Several investors and landlords, though buoyed by the delay of certain interest rates, are still cautious on further announcements regarding the said matter.
The unfailing 64,000 dollar question in money market nowadays is when will the Bank of England finally boost up its base rate, which has constantly remained at 0.5% for almost seven years.
Forecasters are still quite unsure on this, but the Governor of the Bank of England have recently admitted that rates will likely remain at around 0.5% for longer than formerly anticipated. Nonetheless, most residential landlords seem to have already made some preparations for a possible rise.
The latest survey made by YouGov determined that 75% of buy to let investors did not expect that they would have any problem in paying their mortgage even if there was as much as a 1.5% rise in the Bank rate.
The survey showed that around 60 percent of the participant said that rental incomes would still be higher than mortgage fees, even after such an increase. On the other hand, the remaining 40 percent said that they had already set aside some contingency funds which would be enough to cover this level of borrowing costs.
Moreover, as claimed by The Council of Mortgage lenders, numerous mortgage lenders have already supplemented their average interest rates at which the stress test the BTL mortgages. However, this increase are still relatively lower than those used for domestic borrowers.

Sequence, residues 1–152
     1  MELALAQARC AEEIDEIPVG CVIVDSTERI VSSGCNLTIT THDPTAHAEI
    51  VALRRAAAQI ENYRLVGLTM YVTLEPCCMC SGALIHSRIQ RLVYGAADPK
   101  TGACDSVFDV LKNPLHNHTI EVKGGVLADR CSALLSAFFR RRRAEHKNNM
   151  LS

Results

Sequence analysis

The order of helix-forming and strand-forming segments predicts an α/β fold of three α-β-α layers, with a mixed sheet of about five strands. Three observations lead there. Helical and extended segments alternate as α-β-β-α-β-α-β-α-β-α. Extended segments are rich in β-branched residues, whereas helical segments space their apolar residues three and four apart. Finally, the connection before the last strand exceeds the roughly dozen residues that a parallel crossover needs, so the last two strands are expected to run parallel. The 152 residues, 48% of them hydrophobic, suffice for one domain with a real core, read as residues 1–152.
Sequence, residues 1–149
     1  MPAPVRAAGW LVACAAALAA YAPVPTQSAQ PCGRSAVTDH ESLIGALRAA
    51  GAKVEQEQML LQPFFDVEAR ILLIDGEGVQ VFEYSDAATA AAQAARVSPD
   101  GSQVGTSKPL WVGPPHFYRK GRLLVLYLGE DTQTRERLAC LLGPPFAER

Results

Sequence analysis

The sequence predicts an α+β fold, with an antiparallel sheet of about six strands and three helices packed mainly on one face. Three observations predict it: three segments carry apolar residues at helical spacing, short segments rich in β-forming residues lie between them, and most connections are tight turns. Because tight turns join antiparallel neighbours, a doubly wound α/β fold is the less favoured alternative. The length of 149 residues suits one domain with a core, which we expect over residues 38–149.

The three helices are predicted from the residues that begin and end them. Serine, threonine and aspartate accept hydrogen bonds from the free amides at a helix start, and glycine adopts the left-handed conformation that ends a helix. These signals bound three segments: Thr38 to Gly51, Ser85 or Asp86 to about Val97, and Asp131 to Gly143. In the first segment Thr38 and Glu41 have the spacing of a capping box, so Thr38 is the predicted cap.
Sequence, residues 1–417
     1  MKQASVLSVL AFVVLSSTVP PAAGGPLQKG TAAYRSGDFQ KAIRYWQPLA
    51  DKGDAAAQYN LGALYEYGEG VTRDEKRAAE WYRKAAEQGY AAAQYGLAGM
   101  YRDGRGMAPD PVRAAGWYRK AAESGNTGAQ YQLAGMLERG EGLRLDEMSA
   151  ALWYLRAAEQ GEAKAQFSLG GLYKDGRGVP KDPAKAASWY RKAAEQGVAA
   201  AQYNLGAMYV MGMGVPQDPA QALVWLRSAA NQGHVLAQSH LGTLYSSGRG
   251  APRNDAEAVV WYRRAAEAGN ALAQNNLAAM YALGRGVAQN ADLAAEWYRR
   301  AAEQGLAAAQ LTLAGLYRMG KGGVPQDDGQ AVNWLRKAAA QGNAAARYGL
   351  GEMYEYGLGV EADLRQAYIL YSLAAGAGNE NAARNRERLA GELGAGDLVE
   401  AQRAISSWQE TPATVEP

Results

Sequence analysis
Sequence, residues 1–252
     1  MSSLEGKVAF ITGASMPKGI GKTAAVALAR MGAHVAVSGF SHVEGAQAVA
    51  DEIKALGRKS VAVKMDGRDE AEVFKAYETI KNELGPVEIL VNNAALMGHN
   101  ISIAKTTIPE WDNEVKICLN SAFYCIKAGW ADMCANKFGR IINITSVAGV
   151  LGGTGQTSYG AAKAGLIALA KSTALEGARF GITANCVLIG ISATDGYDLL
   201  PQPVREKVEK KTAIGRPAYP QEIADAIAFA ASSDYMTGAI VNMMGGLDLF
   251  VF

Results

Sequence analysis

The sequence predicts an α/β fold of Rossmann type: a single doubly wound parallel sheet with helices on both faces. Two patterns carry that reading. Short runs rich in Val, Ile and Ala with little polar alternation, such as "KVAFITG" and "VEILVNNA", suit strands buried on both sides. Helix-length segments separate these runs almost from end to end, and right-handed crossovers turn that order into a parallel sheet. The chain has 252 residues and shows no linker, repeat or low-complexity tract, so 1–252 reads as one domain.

This only shows that the great majority of BTL investors and landlords are efficiently responsible, as well as financially resilient investors. It lays to rest that old misconceptions perpetuated in some areas that most landlords are exploitative, unfair, and financially over-stretched.
In reality, the vast majority of these investors and landlords offer appropriate accommodation to people who don’t want to buy their own property yet, or to those who still can’t afford to obtain one.
Most landlords and BTL investors work very hard to maintain the conditions of the properties they own, thus, upgrading the total value of their respective properties.